Special thanks to Beverly Marsh , who authored this page, and provided the above picture.
One of several in the Brotogeris family, Grey-cheeked Parakeets (hereafter referred to
as grey cheeks)--also known as Pocket Parrots, Orange-winged Parakeets or Orange-flanked
Parakeets--get their name from their distinctive grey cheeks, chin, and forehead. Other
distinguishing features are a dusky blue crown and bright orange feathers on the underwing
coverts. Back, outer wing, and tail areas of their bodies are covered with iridescent
green feathers, similar to a male Eclectus, with a lighter green shade on their
underbellies. Until they are approximately 6 months old, grey cheeks have black or spotty,
black beaks. As they mature, their beaks become horn-colored.
Grey cheeks, with a wide variety of toys, can entertain themselves for hours; they especially enjoy braided, fabric, rope perches. They are also very mischievous, very bold, have an unending curiosity, and should be closely supervised when out of their cages. Being very agile and proficient climbers, grey cheeks often get themselves into interesting places and situations without supervision.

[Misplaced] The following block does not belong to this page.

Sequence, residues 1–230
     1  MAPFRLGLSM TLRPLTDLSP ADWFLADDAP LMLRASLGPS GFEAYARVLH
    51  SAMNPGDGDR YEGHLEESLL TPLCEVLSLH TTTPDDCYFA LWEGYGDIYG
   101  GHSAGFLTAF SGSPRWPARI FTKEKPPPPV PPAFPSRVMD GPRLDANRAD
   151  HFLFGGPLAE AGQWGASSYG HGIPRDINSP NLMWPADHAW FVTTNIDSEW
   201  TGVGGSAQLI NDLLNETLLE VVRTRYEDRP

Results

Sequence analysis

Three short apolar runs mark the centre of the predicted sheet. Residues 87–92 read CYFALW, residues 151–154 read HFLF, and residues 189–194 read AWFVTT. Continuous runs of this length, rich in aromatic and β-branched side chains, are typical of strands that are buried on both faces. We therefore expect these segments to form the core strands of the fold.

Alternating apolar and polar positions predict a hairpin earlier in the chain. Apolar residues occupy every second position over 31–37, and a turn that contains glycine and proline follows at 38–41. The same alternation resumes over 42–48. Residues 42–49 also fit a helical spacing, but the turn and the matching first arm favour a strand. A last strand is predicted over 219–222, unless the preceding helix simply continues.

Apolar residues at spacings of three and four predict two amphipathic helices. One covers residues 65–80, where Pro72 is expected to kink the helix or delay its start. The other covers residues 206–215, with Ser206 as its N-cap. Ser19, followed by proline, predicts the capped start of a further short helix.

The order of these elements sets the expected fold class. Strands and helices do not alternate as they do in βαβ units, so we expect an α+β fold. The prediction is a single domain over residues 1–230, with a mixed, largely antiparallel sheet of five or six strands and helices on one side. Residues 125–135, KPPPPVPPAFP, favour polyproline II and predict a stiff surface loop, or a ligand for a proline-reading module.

Note: The Grey Cheek is outlawed in Hawaii.
8 inches (20 cm & weigh 54-60 grams). They are a little larger than lovebirds in size.
Grey cheeks are not sexually dimorphic and need DNA (genetic) testing to determine their sex.
Originally from areas of northwestern Peru and western Ecuador.
Handfed babies have very sweet personalities and are extremely intelligent, curious, energetic, and very playful. With time and patience, they can be taught to do tricks, have a good capacity for talking, and are great mimickers as well.
Usually not very noisy when compared to larger birds like macaws, conures or cockatoos, but can become loud at times when over-excited, protecting their territory or when they think they are being ignored.
Prices usually range between $200 - $400.
Comments, corrections, suggestions to : firstname.lastname@example.org
Back to :The Pet Bird Page
Updated : 1/2018
(c) 1994-2002 Grant Yoshimori